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Panis Angelicus: A Review
Brad Edwards


Cesar Franck. Panis Angelicus for Trombone Choir. Gary Bricault, arr. San Rafael, CA: Solid Brass Music Co. Score and Parts. $12.00 Playing Time: 4:30.

Panis Angelicus (or "Bread of the Angel Host") is a famous sacred work which lends itself well to trombone ensemble. Gary Bricault's arrangement, dedicated to John Marcellus, is scored for solo tenor trombone over a trombone quintet (three tenors, two basses). Bricault wisely chooses a simple setting which helps capture the purity of the theme and does not cover the soloist.

In writing for trombone ensemble, one always faces the trade-off between soaring (and tiring!) upper parts and pedal notes in the lower parts. In this instance, Bricault has opted for a very reasonable solo part (extending only up to G) at the inevitable cost of lower, muddier harmonies in the bottom voices. Take note that the first trombone part in the accompanying ensemble briefly extends to high B-flat towards the end of the piece. The lower bass trombonist must possess a solid, in-tune, pedal B-flat and low trigger C for the harmonies of this piece to work. While this fact may prove an impediment to many high school trombone ensembles, it should pose little challenge to college players.

The simplicity of the arrangement, while appropriate to the mood of the piece, may prove boring for the lower voices who spend most of their time laying down block-chord harmonies for the soloist. Bricault's arrangement is lightly edited; thus a conductor may have to spend some extra time with younger players working on phrasing and style. One note should be made about the playing time listed above: the time of 4:30 corresponds with the tempo of a recording of this work. The performance tempo of the recording is approximately quarter Note = 56 whereas the score indicates a brighter tempo of quarter Note = 85. This faster tempo would yield a performance more in the range of three minutes. This work is a useful, practical addition to the trombone choir folder which can be used to feature a younger soloist.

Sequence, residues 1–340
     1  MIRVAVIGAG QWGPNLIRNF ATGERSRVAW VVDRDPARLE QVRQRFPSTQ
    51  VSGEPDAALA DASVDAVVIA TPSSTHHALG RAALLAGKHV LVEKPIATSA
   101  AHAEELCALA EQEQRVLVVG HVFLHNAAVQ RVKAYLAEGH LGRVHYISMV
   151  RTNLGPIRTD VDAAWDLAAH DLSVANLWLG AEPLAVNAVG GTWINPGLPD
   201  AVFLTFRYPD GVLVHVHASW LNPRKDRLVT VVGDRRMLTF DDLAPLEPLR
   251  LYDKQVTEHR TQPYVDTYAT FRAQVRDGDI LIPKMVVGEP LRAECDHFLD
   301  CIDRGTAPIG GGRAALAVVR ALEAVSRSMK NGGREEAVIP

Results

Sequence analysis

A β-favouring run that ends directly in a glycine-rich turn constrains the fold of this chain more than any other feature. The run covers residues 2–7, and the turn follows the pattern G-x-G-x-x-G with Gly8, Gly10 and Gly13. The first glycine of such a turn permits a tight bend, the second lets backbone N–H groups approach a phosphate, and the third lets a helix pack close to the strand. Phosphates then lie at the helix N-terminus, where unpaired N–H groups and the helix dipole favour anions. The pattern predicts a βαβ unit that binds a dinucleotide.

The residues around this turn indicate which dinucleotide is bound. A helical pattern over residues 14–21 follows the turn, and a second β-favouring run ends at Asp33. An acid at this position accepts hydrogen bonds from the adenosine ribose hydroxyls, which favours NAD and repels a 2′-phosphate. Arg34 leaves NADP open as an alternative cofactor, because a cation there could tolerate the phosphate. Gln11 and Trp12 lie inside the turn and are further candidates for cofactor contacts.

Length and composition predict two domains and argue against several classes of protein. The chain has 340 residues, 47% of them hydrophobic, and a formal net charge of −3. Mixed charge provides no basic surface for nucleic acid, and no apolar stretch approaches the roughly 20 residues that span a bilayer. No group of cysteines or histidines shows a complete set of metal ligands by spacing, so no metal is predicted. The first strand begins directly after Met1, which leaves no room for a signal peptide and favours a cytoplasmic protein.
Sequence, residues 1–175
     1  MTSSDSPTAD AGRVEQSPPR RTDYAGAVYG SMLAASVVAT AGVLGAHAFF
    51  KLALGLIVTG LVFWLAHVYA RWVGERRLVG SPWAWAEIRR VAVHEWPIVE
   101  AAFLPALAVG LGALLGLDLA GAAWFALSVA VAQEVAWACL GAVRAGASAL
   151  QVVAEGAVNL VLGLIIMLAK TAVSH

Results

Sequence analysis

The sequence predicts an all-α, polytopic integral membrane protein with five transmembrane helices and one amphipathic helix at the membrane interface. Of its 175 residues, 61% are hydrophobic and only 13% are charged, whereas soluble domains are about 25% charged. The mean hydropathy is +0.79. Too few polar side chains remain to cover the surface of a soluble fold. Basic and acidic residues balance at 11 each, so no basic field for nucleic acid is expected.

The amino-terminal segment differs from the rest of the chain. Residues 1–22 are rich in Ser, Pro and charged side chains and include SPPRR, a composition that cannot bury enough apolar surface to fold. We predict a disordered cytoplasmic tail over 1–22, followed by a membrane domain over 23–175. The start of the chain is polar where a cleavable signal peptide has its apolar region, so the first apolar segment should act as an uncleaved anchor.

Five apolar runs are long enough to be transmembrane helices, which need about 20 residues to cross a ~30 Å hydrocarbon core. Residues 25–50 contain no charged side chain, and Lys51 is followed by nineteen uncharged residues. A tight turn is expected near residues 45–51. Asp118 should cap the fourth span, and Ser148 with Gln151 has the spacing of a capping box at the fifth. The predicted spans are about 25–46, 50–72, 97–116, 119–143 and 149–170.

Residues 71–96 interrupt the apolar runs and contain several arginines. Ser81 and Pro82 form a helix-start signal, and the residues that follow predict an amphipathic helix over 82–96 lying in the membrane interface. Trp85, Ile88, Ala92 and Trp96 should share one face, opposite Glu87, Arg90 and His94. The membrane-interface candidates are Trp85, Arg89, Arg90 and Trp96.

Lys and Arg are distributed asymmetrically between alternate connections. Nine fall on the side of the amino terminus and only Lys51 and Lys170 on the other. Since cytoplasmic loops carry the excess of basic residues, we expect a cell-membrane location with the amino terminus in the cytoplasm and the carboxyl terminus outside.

Listen to the Eastman Trombone Choir perform Panis Angelicus.


Dr. Brad Edwards teaches trombone at the University of South Carolina, a position he began in the Fall of 1999. Previous to this appointment, he taught at the University of Northern Iowa and performed with the Waterloo/Cedar Falls Symphony as Principal Trombonist.

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